Star Cinema’s horror film record is a story of hits and misses. ABS-CBN’s film arm has, of course, produced brilliant and unforgettable movies in this genre, from the remake of the classic Patayin sa Sindak si Barbara, to the box-office success Feng Shui and the unjustly underrated Wag Kang Lilingon (co-produced with Viva Films). There were of course, a few disappointments like Villa Estrella, which oddly enough, bears the name that is the Spanish word for "star."
With Cinco, Star Cinema’s latest foray into the relatively lucrative genre, we can again observe if the film is going to sink or swim. The good news is, there are signs pointing to the latter. For starters, moviegoers can look forward to this for different reasons. Fans can be happy with the army of stars involved in this spectacle. Supporters of the local movie industry can get excited about the new generation of directors tasked to helm the project. Followers of the genre can have their imagination piqued by the film’s use of five episodes instead of the trilogy that seems to be the norm.
That’s right: five episodes, one movie in its regular running time. Will the storylines suffer? Or will it hasten the pace leaving no time for things to be "dragging" --the common word used by regular movie fans like us when a certain movie tends to bore us. So like the movie, let’s start our rapid fire, straight to the point review of each episode.
BRASO. The first one in the series of body-part named episodes is Director Frasco Mortiz’ "Braso." Starring AJ Perez, Sam Concepcion and Robi Domingo as fraternity neophytes challenged to stay in a morgue as part of their initiation rites, this episode sadly is a weak opening for the film. Bordering on silliness and slapstick (maybe because of its intentional humorous tone), "Braso" relies on music and sound effects for the scares. Probably the highlight of this episode is a crotch-grabbing scene, which would probably make male viewers looking away
It does not have much story to tell, leaving you with just the kind of fright you get when you enter a horror house--just de gulat (Also, the props are just as fake as those in horror houses). What this episode does good, however, is carefully establishing the mood of the viewers, preparing and helping them appreciate the next four episodes.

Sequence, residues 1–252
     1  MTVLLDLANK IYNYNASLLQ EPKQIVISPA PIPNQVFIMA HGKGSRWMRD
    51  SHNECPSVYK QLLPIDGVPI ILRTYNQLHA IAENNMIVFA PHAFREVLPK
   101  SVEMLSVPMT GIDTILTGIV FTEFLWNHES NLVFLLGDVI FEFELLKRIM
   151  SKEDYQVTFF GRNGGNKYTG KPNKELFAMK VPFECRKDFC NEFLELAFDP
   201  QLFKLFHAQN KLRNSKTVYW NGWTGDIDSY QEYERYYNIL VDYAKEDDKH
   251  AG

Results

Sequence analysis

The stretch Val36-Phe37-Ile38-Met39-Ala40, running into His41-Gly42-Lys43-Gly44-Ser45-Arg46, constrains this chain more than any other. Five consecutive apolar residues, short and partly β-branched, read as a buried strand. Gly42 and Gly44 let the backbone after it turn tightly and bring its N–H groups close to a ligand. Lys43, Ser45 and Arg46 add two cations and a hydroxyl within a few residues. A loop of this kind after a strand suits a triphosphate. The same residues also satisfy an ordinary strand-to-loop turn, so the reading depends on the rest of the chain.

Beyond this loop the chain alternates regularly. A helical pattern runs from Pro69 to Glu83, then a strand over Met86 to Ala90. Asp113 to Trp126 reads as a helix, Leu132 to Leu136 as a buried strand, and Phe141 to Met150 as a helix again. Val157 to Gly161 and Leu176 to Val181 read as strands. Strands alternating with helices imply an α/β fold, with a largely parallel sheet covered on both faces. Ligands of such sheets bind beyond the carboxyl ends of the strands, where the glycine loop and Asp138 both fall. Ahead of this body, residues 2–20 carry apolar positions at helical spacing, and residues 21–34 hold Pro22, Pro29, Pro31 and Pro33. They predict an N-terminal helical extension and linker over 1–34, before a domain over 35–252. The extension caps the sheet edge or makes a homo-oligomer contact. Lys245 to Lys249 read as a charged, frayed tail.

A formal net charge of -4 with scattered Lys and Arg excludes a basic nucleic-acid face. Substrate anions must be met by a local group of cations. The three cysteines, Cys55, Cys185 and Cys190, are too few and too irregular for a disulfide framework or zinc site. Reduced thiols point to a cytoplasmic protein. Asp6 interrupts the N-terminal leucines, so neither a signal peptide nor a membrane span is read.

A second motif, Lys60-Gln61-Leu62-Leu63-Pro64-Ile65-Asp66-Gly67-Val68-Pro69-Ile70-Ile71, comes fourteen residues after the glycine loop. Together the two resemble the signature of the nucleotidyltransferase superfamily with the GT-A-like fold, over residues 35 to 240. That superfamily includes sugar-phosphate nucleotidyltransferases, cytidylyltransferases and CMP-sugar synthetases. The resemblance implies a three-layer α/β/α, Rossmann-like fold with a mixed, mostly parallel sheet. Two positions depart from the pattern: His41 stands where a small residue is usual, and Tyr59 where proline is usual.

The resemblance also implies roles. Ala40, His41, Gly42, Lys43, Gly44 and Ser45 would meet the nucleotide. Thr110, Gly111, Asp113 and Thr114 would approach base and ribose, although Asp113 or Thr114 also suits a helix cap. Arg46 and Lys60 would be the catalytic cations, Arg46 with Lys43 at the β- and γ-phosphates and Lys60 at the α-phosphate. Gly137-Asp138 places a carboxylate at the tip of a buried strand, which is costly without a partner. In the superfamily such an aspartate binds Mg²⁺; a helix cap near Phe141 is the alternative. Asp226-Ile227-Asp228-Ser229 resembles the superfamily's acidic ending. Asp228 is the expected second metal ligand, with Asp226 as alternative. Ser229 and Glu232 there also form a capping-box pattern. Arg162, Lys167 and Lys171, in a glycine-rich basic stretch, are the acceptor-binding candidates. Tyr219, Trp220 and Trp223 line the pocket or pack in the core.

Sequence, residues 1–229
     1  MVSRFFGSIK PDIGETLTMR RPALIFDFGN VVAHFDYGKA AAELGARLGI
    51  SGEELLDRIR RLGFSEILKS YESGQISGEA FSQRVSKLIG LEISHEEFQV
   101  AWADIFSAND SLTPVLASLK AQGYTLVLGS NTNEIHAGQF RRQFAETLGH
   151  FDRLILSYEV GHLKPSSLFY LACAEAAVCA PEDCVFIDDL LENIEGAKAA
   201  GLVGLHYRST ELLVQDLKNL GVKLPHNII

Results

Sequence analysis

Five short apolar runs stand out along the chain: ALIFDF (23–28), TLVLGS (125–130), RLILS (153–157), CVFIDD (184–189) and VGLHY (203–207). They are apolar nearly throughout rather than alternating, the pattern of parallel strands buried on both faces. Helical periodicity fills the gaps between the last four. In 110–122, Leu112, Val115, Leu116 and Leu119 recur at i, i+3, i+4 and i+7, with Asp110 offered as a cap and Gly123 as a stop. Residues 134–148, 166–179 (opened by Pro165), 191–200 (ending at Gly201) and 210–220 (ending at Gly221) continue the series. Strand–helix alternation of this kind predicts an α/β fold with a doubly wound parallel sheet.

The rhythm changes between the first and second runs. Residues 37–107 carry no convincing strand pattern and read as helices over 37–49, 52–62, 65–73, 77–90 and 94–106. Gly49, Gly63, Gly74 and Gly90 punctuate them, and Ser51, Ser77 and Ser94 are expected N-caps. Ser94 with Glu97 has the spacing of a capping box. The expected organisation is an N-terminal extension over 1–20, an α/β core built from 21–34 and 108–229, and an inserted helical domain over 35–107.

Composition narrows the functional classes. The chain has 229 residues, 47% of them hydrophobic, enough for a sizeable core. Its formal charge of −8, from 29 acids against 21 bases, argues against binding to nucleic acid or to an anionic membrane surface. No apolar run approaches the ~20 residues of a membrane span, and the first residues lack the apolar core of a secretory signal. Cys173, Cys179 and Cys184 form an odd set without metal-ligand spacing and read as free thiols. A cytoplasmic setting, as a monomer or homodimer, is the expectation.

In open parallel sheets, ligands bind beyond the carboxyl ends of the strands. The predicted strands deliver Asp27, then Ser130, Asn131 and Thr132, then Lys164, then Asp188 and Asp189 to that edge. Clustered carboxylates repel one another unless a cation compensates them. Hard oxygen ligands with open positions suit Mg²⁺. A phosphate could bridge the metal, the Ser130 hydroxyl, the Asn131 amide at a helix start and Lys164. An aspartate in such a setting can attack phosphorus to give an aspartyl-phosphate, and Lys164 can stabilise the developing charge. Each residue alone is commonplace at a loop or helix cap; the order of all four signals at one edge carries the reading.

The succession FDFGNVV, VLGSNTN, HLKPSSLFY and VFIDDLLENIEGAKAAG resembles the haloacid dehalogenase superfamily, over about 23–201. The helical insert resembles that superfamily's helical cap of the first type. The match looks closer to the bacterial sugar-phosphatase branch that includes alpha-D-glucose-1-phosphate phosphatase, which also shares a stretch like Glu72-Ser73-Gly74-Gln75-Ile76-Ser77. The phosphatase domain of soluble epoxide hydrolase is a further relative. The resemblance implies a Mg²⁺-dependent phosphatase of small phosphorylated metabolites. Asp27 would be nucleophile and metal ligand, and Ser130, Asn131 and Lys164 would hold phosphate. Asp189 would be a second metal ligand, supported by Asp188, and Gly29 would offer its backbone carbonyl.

PAA. The second episode "Paa" by Director Enrico Santos follows suit and what a difference it is from the first. Simply viewing it can make you imagine the difficulty of filming this episode. The locations and the situations will make you feel sorry and uneasy for Jodi Sta. Maria, the mother who is being haunted by a vengeful ghost. With a theme and subject that can be stretched out to a full-length film, "Paa" is cleverly edited to tell the story in an exceptional manner, time constraints notwithstanding.
MATA. This third episode "Mata" by Director Ato Bautista may either be a little too highbrow or slightly too vague in its telling of a story that is open for several different interpretations. In this episode, Maja Salvador is the girlfriend of an ill-tempered guy (Rayver Cruz) who at first refused to confess her boyfriend’s crime to the police, making her relive (or dream, it wasn’t really clear) the killing scenario over and over again. Of all the episodes, "Mata" is the one that needs longer time in order to be more effective. A longer running time could have made the element of the déjà-vu like time confusion and the different consequences of different actions (a la The Butterfly Effect) more compelling.